Your Opel Cascada‘s brake light indicator is there to inform you of an issue with your car’s brake system. It is a light different from the anti-lock brake system, which has its own ABS warning light.
The brake light indicates a problem with the physical braking system itself.
Check the Emergency Brake First
If you read this article trying to figure out whether to drive your vehicle, check the emergency brake first.
If it’s engaged, the brake light will stay lit. If the handle isn’t all of the way down, it’ll cause the brake warning light to stay on. Check to make sure that there isn’t a little bit left that it needs to turn the brake light off.
Now if the emergency brake didn’t fix the situation, it’s time to look into what is causing your Cascada’s brake warning light to stay on. The brake light is perhaps the most critical warning light of all.
We do not recommend driving with this light on at all. Doing so may lead to injury when the brakes fail.
Opel Cascada Brake Warning Light Causes
The brake warning light indicates that your Cascada has detected that one of its major brake components has failed, typically seen through a pressure loss.
You’ll feel a loss of pressure that manifests itself in the form of a “mushy” brake pedal (low brake fluid level).
If the brake light is only coming on when you push the brakes, that’s a definite indication that the pressure in the brake system is too low. Either the brakes need to be bled, or there is a leak.
Brake Fluid Leak
Since you’ve already checked the emergency brake handle, now it’s time to check the master cylinder and see if the brake fluid is low or not. Now if it is low but not empty, adding more may provide a temporary fix.
If the brake fluid looks like it is out, you’ll need to add more, bleed the brakes, and ideally fix the problem so that you aren’t repeating all of this again. If the brake fluid leaks over the brake pads and shoes, it means poor brake performance.
Just remember, it had to leak out somewhere, and adding fluid without fixing the problem is a temporary solution. The leak can get worse over time and lead to brake failure. Look around the brake calipers and brake lines for the leak. Look for fluid under your Cascada, where you usually park.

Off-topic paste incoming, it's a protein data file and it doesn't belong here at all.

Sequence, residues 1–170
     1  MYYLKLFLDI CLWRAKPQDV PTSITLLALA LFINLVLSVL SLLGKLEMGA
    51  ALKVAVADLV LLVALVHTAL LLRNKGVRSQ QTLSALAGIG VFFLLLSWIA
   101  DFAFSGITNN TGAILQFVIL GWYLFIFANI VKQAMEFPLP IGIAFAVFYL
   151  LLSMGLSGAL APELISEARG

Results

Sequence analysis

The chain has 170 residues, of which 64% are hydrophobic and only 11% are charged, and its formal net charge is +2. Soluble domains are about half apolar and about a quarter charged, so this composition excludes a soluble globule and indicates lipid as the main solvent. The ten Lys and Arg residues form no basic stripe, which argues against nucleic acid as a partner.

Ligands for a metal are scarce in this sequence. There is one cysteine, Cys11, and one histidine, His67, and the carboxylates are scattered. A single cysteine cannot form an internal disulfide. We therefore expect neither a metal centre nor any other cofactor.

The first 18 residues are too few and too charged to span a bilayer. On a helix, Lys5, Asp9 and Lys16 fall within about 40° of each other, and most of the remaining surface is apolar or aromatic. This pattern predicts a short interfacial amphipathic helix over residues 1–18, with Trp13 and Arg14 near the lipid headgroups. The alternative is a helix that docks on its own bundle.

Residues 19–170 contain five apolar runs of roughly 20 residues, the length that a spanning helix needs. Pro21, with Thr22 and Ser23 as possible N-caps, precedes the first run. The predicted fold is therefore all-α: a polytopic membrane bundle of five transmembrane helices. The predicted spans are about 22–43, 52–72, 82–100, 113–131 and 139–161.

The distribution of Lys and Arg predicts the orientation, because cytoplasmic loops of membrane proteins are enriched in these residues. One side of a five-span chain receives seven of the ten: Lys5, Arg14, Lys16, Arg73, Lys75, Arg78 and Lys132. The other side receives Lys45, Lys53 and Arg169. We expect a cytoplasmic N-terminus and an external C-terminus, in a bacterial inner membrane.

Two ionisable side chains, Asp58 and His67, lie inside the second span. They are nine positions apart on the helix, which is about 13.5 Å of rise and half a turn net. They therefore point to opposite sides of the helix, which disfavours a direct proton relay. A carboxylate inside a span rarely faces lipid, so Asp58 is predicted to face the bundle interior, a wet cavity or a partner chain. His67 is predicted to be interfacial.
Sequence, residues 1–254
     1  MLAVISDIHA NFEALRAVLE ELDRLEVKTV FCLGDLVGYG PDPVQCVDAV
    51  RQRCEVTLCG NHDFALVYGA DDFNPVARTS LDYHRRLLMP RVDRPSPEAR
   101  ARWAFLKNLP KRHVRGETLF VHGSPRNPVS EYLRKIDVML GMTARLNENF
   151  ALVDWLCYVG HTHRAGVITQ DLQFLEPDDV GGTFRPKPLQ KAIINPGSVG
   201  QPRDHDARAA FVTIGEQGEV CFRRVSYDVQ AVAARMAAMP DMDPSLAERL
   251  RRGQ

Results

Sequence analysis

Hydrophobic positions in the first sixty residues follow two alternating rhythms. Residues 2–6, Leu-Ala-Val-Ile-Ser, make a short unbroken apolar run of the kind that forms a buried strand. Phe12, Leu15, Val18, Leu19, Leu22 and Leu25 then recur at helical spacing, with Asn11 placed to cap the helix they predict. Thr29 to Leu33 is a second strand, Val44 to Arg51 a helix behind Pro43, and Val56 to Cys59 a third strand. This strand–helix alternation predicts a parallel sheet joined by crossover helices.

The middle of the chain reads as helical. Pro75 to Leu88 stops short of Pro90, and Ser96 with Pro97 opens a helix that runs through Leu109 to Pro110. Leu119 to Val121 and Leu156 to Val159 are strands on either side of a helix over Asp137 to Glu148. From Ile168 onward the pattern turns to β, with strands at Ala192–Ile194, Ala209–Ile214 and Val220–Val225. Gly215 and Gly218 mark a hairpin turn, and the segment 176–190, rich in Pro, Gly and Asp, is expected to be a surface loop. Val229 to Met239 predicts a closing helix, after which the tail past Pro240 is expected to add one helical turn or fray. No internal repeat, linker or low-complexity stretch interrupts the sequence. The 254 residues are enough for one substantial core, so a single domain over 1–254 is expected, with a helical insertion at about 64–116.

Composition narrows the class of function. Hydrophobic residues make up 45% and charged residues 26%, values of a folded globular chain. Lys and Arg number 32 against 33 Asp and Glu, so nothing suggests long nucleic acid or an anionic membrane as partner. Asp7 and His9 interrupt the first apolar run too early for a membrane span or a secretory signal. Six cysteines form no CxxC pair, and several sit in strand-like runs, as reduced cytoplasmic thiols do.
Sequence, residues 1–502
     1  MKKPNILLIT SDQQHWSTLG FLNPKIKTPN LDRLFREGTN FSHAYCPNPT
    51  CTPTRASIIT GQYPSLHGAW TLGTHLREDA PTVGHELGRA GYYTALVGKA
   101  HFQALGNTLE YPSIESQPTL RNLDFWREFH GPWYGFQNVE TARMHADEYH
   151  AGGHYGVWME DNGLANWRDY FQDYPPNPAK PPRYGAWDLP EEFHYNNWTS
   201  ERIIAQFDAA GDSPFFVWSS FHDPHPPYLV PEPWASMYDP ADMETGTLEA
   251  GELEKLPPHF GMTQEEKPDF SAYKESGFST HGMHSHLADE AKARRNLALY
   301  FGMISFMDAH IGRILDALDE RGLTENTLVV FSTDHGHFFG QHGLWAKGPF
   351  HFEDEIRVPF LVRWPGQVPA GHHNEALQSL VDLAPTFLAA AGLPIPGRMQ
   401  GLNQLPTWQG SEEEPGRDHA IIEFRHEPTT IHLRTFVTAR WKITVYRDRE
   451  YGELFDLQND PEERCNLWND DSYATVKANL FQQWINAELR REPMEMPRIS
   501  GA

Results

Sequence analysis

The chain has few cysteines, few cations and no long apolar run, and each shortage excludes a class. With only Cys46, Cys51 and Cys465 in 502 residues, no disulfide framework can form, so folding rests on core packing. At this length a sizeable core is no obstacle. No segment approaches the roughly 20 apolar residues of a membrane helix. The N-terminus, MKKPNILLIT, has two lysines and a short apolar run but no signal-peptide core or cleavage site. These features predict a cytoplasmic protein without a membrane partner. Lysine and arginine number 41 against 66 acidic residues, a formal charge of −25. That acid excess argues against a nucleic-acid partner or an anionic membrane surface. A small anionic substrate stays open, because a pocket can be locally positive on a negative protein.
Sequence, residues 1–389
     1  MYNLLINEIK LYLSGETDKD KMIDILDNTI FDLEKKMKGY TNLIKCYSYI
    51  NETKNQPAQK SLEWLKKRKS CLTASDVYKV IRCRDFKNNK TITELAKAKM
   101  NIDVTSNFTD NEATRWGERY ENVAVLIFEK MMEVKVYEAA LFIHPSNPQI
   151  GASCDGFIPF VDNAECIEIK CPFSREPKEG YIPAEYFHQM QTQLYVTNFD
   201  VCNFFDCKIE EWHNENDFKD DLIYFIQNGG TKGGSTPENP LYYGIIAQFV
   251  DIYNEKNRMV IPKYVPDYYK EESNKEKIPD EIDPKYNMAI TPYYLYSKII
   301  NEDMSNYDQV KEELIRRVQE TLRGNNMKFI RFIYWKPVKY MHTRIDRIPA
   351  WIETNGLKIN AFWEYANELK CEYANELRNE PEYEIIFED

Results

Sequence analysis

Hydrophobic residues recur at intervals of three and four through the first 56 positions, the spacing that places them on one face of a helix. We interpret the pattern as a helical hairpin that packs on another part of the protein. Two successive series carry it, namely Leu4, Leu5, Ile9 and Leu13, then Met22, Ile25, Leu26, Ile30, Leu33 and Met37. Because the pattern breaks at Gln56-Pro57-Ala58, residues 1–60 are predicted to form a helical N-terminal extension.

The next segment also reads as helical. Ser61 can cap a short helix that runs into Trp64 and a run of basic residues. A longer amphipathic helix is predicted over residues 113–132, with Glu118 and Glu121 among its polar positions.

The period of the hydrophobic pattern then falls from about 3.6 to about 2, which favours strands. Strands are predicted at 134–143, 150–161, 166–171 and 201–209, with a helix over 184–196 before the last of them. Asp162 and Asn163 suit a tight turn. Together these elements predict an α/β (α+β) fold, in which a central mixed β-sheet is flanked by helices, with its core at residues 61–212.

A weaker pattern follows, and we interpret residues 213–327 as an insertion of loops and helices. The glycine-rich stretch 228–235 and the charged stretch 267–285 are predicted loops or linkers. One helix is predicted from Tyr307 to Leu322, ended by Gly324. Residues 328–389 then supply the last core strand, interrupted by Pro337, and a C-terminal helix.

Pressure Differential Switch
Your brake system is divided into two circuits. These circuits cut the brake system in two. That way, if the brake system gets a leak or fails, you still have brakes on half of your Cascada’s wheels.
The pressure differential switch measures the difference in pressure between the two circuits and will report that there is a difference by turning on your Cascada’s brake warning light.
In most vehicles, this switch is located in the master cylinder. You’ll see a harness plugged in somewhere around there.
Worn Brake Pads
Worn brake pads are often a cause of the brake warning light coming on. The pads have built-in wear sensors that will trigger the light whenever they get down to a certain thickness. These sensors are known as squealers, and you’ll hear.
This is important because it alerts you to replace your brakes before they become too thin and can’t stop the vehicle properly. If your brakes are worn, be sure to have them replaced as
Check the Brake Lights
Some vehicles will now activate the brake warning light on the dash if the actual brake lights behind it have failed. Check to see that both of them are lighting up. If not, try replacing the bulb and see if that solves the problem.
How to Turn off Your Cascada’s Brake System Warning Light
The only way to turn the brake light off is to restore proper line pressure to both brake circuits when the pedal is pushed.
Don’t drive if your Cascada is having trouble stopping or noticeably leaking fluid. Have it towed to a mechanic.
If you mess up fixing your engine, the vehicle does not move. If you mess up fixing the brakes, it doesn’t stop. That’s infinitely more dangerous.
If your Opel Cascada’s brake warning light is on, and you’ve checked the emergency brake, you’ll need to look for a leak in the lines, calipers, wheel cylinders, master cylinder, etc. Good luck diagnosing the issue. If there is anything that you would like to add, please leave a comment below.